Please use this identifier to cite or link to this item: http://hdl.handle.net/20.500.12136/292
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Title: Ancient genomes link early farmers from Atapuerca in Spain to modern-day Basques
Authors: Günther, Torsten
Valdiosera Morales, Cristina
Malmström, Helena
Ureña Herradón, Irene
Rodríguez-Varela, Ricardo
Sverrisdóttir, Óddny Osk
Daskalaki, Evangelia A.
Skoglund, Pontus
Naidoo, Thijessen
Svensson, Emma M.
Bermúdez de Castro, José María
Carbonell, Eudald
Dunn, Michael G.
Storå, Jan
Iriarte, Eneko
Arsuaga, Juan Luis
Carretero Díaz, José Miguel
Götherström, Anders
Jakobsson, Mattias
Keywords: Ancient DNA;Human Prehistory;Population genomics
Issue Date: Sep-2015
Publisher: National Academy of Sciences
Citation: Proceedings of the National Academy of Sciences, 2015, 112 (38), 11917-11922
Abstract: The consequences of the Neolithic transition in Europe—one of the most important cultural changes in human prehistory—is a subject of great interest. However, its effect on prehistoric and modern-day people in Iberia, the westernmost frontier of the European continent, remains unresolved. We present, to our knowledge, the first genome-wide sequence data from eight human remains, dated to between 5,500 and 3,500 years before present, excavated in the El Portalón cave at Sierra de Atapuerca, Spain. We show that these individuals emerged from the same ancestral gene pool as early farmers in other parts of Europe, suggesting that migration was the dominant mode of transferring farming practices throughout western Eurasia. In contrast to central and northern early European farmers, the Chalcolithic El Portalón individuals additionally mixed with local southwestern hunter–gatherers. The proportion of hunter–gatherer-related admixture into early farmers also increased over the course of two millennia. The Chalcolithic El Portalón individuals showed greatest genetic affinity to modern-day Basques, who have long been considered linguistic and genetic isolates linked to the Mesolithic whereas all other European early farmers show greater genetic similarity to modern-day Sardinians. These genetic links suggest that Basques and their language may be linked with the spread of agriculture during the Neolithic. Furthermore, all modern-day Iberian groups except the Basques display distinct admixture with Caucasus/Central Asian and North African groups, possibly related to historical migration events. The El Portalón genomes uncover important pieces of the demographic history of Iberia and Europe and reveal how prehistoric groups relate to modern-day people.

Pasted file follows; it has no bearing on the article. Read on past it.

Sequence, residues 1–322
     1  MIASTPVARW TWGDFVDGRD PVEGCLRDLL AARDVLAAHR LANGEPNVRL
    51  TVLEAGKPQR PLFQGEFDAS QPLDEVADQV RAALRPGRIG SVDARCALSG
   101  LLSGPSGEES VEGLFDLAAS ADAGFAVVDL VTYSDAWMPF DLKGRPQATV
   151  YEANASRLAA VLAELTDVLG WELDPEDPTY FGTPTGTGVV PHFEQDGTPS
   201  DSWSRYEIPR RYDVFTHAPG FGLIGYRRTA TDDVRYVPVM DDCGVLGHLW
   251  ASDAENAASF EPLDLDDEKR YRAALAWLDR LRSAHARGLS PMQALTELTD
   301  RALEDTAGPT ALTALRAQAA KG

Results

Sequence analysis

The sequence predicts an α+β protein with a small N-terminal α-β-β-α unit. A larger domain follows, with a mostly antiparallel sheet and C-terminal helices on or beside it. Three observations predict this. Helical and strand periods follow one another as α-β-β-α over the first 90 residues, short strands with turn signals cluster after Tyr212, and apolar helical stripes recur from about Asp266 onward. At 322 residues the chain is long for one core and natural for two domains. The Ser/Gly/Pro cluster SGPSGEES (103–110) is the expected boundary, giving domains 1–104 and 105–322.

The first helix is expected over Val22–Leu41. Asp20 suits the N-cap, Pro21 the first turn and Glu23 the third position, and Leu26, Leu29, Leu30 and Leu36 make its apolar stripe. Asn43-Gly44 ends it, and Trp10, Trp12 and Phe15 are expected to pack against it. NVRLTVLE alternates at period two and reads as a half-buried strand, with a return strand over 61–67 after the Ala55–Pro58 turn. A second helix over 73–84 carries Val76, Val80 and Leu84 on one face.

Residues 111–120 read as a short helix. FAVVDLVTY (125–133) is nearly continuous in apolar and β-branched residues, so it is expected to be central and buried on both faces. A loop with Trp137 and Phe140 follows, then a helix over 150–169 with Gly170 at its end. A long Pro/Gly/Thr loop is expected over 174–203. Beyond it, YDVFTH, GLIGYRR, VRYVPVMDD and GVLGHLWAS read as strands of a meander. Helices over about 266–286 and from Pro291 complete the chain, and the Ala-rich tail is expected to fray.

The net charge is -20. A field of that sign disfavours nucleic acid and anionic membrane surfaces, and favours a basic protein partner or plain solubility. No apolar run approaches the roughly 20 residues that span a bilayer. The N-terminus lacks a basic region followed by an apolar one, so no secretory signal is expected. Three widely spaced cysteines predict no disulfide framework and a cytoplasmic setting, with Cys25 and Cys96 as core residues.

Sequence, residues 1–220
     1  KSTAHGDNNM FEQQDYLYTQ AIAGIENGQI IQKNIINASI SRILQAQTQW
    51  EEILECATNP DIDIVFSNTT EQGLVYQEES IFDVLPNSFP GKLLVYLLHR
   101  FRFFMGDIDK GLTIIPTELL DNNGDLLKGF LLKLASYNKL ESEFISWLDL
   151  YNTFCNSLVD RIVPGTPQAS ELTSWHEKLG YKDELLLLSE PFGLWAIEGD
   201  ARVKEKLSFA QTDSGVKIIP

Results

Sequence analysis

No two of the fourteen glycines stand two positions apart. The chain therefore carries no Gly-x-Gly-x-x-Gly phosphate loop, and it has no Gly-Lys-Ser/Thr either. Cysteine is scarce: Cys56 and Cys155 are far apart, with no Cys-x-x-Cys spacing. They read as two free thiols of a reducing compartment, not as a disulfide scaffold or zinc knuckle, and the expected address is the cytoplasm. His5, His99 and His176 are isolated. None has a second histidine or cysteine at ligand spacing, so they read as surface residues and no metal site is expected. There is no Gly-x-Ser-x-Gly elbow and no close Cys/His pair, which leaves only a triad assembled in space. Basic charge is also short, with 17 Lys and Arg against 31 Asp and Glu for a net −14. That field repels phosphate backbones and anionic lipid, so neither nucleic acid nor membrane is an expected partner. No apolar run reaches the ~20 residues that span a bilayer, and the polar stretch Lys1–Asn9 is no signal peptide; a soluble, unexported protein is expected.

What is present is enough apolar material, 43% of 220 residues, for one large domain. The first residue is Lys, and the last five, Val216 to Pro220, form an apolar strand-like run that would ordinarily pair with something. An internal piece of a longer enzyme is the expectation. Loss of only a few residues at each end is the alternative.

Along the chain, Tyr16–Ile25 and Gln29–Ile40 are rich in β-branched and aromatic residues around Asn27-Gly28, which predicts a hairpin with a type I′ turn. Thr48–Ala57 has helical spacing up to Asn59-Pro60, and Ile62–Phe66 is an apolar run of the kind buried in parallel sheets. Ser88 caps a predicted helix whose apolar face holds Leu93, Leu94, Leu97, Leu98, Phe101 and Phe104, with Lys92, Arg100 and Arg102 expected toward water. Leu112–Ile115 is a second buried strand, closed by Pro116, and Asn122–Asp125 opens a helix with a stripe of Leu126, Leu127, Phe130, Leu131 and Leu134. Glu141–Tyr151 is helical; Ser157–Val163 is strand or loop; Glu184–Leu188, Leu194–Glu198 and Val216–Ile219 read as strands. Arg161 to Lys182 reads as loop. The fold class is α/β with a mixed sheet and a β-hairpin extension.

URI: http://hdl.handle.net/20.500.12136/292
ISSN: 0027-8424
1091-6490
DOI: 10.1073/pnas.1509851112
metadata.dc.relation.publisherversion: https://doi.org/10.1073/pnas.1509851112
Type: Article
Appears in Collections:Paleobiología



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